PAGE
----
This 'Toni The Tampon' Coloring Book Teaches Everyone About Periods
When I got my period at age eleven, I was so ashamed, so embarrassed and so traumatized by the experience that I made my mother swear on her life that she wouldn't tell a soul.
Nobody had talked to me about periods, really. All I knew for sure was that you had to stick a tampon inside of your vagina to plug up the incessant flow of blood, and that my sister's boyfriend didn't like to buy tampons for her (she complained about it often).
Hopefully, the kids of this next generation won't have such dire period shame like I did. If genderqueer artist and educator Cass Clemer has anything to do with it, they won't.
Please allow me to introduce you to Clemer's creation: Toni the Tampon.
Toni the Tampon is a gender-neutral tampon character from Clemer's super amazing coloring book, "The Adventures of Toni the Tampon: A Period Coloring Book."
The objective of the book is to reduce period shame in young people, while educating them about menstrual health at the same time.
But what if you're not into tampons? Have no fear, baby. Toni the Tampon has ~friends~ too.
This is "Marina the Menstrual cup":
And of course, there is Sebastian the Sponge:
And who could dare forget good ol' Patrice the Pad? (I was a big fan of the pad in the '90s, myself.)
Toni the Tampon is so wildly popular it actually has it's own Twitter account as well.
Speaking of social media, Clemer originally started Toni the Tampon as a mere Instagram account. But back in the beginning, Clemer just took photos of an actual tampon with a pair of googly eyes to it, and decided to name it "Toni the Tampon."
Fast-forward to now, and her creation-turned-illustration has its very own coloring book.
Clemer told the Huffington Post that she thinks finding new ways to educate young people about sexual health is everything.
Too many places in the country still demand abstinence-only education as the standard or engage in shame-techniques designed to scare kids from learning more or asking any further questions about their own health. I think the way to answer this issue is by creating new mediums that challenge and expand the ways we teach sexual education and menstrual health. There are currently a lot of really awesome groups out there that are creating new ways to talk about sexual and reproductive health, from comics to theater performances that have helped shift the way we talk about sexual education and our bodies. But still, we need more.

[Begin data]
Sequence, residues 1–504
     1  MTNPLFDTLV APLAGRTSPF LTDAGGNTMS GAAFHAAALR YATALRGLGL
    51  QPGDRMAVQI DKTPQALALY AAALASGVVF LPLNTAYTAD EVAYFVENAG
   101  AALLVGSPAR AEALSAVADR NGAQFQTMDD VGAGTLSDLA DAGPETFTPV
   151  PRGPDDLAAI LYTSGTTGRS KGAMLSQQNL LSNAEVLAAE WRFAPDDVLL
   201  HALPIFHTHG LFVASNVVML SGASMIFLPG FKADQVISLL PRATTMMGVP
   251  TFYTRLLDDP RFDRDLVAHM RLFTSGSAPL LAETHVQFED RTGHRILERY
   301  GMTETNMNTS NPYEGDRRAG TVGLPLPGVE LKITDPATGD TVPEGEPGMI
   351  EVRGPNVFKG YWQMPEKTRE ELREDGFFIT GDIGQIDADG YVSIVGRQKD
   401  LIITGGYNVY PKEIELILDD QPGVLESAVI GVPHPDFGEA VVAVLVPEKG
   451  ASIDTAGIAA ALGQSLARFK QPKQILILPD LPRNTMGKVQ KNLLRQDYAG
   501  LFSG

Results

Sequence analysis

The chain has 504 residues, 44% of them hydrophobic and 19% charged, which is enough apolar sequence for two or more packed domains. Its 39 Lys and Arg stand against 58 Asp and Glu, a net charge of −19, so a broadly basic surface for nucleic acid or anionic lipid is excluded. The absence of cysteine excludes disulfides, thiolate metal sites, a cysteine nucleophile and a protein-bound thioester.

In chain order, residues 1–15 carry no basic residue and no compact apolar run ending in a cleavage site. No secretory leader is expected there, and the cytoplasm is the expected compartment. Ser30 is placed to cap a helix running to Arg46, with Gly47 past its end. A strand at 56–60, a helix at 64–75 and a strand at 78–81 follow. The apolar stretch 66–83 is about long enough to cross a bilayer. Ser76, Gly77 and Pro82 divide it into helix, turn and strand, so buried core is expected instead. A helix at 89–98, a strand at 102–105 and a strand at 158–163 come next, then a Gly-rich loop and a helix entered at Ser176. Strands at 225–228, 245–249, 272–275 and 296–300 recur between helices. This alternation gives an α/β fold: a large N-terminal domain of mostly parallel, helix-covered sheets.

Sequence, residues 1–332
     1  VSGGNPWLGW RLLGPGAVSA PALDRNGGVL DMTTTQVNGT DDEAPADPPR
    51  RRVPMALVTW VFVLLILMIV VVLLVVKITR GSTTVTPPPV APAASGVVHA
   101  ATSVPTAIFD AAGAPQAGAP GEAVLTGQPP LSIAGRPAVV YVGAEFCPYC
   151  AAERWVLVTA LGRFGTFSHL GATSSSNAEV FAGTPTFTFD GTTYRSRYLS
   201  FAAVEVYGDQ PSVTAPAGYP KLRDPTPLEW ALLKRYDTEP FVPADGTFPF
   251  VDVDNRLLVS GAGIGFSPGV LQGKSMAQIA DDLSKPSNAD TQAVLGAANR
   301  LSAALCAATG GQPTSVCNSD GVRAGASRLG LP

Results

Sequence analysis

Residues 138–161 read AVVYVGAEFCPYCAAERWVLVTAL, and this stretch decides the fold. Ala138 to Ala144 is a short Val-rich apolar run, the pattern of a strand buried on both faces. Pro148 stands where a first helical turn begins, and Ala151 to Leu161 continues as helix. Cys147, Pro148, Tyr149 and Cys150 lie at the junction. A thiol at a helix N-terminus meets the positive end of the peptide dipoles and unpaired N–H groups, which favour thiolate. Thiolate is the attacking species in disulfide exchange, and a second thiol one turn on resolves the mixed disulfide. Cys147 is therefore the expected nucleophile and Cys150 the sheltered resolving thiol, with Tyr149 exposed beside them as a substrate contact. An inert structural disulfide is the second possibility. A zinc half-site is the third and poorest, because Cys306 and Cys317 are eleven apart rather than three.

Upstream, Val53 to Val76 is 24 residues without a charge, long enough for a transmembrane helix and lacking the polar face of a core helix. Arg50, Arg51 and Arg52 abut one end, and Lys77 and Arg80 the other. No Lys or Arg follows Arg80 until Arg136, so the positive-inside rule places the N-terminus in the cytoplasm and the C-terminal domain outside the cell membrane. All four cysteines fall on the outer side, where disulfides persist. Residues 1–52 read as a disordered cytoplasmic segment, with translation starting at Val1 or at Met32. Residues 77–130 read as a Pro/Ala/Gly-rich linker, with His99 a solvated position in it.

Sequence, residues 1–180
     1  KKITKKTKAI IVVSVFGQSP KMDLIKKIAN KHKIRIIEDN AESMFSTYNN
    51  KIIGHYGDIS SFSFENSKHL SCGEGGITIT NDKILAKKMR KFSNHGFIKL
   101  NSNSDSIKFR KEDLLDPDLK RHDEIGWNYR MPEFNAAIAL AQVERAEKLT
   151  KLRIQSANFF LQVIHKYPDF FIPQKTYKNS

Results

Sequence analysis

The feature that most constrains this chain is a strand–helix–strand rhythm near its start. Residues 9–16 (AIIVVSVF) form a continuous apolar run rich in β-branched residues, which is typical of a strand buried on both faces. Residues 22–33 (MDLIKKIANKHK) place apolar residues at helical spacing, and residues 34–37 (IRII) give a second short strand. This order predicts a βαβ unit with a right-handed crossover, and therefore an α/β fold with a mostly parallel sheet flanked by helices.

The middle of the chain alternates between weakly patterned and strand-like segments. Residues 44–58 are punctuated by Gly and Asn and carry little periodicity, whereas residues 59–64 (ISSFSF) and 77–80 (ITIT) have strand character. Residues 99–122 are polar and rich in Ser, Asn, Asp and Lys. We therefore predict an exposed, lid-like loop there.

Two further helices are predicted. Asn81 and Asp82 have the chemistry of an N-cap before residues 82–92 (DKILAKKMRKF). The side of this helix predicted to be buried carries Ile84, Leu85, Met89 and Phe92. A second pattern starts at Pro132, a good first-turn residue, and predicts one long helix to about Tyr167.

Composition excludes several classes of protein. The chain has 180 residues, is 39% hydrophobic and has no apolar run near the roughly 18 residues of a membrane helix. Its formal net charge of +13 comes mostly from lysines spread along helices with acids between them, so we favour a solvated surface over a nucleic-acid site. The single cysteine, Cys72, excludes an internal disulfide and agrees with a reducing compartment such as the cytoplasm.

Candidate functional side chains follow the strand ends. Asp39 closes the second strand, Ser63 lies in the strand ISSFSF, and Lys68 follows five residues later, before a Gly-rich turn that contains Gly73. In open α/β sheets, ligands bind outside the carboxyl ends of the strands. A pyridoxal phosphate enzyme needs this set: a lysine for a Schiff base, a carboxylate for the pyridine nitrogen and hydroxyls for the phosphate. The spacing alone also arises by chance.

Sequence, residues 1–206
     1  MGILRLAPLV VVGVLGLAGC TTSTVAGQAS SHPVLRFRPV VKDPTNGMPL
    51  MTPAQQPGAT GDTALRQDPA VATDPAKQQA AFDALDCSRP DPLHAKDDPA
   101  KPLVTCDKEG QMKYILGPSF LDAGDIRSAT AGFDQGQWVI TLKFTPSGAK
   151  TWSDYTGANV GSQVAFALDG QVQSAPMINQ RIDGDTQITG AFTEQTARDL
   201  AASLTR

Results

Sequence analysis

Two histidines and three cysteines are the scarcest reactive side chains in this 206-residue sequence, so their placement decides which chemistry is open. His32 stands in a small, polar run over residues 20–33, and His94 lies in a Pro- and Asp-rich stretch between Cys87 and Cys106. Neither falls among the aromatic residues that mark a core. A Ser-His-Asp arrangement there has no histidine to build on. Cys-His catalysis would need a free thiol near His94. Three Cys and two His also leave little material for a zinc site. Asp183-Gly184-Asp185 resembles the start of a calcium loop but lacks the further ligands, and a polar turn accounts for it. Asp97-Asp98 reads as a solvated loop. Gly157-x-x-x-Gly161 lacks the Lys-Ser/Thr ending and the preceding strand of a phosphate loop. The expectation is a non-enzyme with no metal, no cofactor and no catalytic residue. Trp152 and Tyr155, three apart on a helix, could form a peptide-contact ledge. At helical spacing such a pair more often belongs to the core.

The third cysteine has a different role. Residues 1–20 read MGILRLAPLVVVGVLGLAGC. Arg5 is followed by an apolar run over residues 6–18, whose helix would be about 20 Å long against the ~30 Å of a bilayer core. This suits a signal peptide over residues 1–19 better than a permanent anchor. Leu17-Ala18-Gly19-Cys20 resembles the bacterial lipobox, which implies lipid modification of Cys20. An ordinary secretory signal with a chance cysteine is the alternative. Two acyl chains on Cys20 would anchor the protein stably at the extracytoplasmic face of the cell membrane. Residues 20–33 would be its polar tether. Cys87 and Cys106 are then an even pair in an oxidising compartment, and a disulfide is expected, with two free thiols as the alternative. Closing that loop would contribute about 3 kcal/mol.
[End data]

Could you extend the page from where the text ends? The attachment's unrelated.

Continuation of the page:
You know what's really cool about Toni the Tampon? The coloring book doesn't just cover period education, it also covers gender identity. Clemer told the Huffington post,
Conversations about the gender binary cannot be extricated from the larger conversations around menstrual health, even those we have with kids, because when we presume that menstruators are all women, we make the mistake of excluding other folks from conversations about their own health. So I created Patrice the Pad, Marina the Menstrual Cup, Sebastian the Sponge, and Toni the Tampon. As a genderqueer human myself, it has been hard to find communities that include people like me when they market to, talk about, or provide services for menstruators. It was risky to decide to introduce Toni, who uses no pronouns, and Sebastian who uses he/him/his, as genderqueer and trans characters, but I wanted to make sure that I created art that was inclusive, not just art that appeals to those who refuse to recognize other's lived identities.
Who knew a tampon named Toni could be such a groundbreaking hero?
This is such a creative way to introduce young people to reproductive health, while still remaining inclusive to genderqueer and trans people, too.
Regardless of where you fall on the spectrum of gender, it's your right to be educated in a way that speaks to you.